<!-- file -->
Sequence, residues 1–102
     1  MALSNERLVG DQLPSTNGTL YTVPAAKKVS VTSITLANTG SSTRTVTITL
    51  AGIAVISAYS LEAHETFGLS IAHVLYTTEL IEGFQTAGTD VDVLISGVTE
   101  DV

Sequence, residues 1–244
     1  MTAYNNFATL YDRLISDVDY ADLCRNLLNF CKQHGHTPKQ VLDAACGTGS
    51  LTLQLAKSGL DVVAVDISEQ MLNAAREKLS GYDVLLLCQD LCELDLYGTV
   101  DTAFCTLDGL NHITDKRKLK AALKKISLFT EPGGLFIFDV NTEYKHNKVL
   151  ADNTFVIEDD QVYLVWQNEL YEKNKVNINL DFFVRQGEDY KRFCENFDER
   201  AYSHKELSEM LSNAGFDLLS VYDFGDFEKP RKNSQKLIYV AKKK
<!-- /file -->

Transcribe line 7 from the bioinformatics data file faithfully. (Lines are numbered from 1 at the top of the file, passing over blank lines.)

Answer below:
    51  LTLQLAKSGL DVVAVDISEQ MLNAAREKLS GYDVLLLCQD LCELDLYGTV